As a queer woman of color in a society that doesn’t think you matter, loving yourself is a revolutionary act!  It’s also the way to get to have more joy and fulfillment in your life.

Even though you’ve probably fought hard against the negative messages coming at you from others, you may have taken them in at the same time. Most of us do.

And as my experience taught me the hard way, if you don’t love yourself, you can’t choose the right person to love you, either.  Like me, you may end up telling yourself that an abusive partner is all you deserve, or the best you can get.

But you don’t have to stay there!

The way to change this pattern is by loving yourself. In fact, as a queer woman of color in a society that doesn’t think you matter, loving yourself is a revolutionary act!  It’s also the way to get to have more joy and fulfillment in your life.

You might be wondering, “How do I start?”

You start by cultivating self-compassion. Although you can’t make yourself feel love for yourself, you can choose to respond to yourself compassionately rather than harshly. For instance, let’s say you’ve made a mistake. Will you tell yourself, “I’m such an idiot! Why did I do that?!” Or will you respond to yourself the way you might respond to a good friend? “It’s okay, everyone makes mistakes sometimes. It will be all right.”

I remember one night about a year ago, when my current partner and I were driving in separate cars to my auto mechanic. The plan was for me to drop off my car, and she’d take me home.  But I spaced out and got in the freeway going the wrong direction. Even though we had left the house at the same time, my partner ended up waiting at the auto mechanic’s shop for me for 15 minutes. Neither of us had brought our phones with us.

When I first realized I was heading the wrong way on the freeway, I had the “Damn, what an idiot I am!” response. Then I caught myself, took some deep breaths, and reminded myself that it was okay. This mistake wasn’t fatal. I was still worthy of love. I felt my pulse rate slow down again, and my body relax.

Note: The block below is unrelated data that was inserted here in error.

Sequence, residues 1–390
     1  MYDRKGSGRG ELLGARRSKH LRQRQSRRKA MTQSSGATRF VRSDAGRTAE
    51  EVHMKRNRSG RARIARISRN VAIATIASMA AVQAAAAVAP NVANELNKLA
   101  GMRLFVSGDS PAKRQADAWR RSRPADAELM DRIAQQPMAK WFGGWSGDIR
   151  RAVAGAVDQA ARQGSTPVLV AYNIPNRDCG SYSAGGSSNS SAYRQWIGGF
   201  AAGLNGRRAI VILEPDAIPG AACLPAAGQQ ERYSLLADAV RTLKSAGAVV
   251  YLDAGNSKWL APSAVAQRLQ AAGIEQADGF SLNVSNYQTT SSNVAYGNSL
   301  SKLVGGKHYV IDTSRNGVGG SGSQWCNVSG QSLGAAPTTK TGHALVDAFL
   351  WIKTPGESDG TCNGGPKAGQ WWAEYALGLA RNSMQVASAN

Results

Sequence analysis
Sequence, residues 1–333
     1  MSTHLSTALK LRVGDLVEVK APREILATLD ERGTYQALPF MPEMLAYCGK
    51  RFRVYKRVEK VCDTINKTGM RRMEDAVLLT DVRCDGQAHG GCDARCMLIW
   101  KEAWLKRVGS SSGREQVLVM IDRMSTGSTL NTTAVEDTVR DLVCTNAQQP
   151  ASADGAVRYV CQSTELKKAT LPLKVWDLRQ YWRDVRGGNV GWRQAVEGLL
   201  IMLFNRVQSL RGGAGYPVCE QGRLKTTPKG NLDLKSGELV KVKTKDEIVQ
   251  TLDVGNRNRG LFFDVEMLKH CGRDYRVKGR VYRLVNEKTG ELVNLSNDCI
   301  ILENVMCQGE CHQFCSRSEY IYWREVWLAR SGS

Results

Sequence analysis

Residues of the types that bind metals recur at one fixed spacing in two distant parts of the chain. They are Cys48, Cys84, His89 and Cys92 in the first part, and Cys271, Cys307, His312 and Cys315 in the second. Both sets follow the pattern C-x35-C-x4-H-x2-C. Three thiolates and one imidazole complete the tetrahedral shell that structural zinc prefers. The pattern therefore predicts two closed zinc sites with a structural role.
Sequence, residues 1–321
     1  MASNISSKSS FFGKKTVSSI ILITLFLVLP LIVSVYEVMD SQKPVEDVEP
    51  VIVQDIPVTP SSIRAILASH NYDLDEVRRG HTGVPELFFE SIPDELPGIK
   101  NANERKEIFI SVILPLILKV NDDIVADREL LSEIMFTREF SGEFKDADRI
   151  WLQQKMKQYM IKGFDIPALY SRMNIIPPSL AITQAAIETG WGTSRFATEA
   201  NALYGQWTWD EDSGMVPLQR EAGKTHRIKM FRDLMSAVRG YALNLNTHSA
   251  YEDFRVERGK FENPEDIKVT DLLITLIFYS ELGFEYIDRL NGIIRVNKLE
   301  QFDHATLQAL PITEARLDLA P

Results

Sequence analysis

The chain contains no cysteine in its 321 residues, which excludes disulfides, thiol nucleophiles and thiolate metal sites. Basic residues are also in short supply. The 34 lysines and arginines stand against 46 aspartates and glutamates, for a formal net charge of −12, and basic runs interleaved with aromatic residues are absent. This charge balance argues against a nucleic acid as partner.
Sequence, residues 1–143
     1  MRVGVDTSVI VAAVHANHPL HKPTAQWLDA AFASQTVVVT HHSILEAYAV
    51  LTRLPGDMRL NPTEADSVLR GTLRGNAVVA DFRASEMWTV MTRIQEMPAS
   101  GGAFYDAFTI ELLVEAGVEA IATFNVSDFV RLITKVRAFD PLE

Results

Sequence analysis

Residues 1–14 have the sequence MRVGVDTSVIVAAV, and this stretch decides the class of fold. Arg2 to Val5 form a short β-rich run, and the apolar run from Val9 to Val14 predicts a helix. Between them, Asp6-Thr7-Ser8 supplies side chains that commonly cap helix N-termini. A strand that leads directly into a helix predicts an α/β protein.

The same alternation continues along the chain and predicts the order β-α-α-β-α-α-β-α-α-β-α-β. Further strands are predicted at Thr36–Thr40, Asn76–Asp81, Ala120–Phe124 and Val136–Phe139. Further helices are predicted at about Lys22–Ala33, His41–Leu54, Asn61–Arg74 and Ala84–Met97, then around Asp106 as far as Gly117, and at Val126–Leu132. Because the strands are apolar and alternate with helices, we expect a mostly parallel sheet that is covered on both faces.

And, because of all the self-love work I had done before I got into my current relationship, I had chosen a much better partner this time.  When I finally arrived at the shop, she was relieved to see me – she’d been a little worried, and was wondering if she should drive home to see if I’d had a breakdown along the way. But she wasn’t at all angry or critical.

When you have more self-love and self-compassion, you’ll also receive more love and compassion from the outside world! (And when someone doesn’t love you or appreciate you, it won’t feel nearly as bad – because you’ll have your own back.)

Teaching queer women of color how to better love themselves is one of my passions. That’s why I’m teaching a four-week online course to take you through some foundational steps and skills for self-love.


michelle3-closeup-238x300Michelle Murrain, Ph.D.received her Ph.D. in Neuroscience from Case Western Reserve University, and her Certificate in Theological Studies from the Pacific School of Religion. She also studied relationship coaching with world-renowned experts Gay and Katie Hendricks, bestselling authors of Conscious Loving and many other books. Michelle taught Biology at Hampshire College for ten years, and is a long-time practitioner of contemplative spirituality, both in Buddhist and Christian traditions. She is passionate about helping others develop the self-compassion and self-love that have changed her life.

Leave a Reply

Your email address will not be published.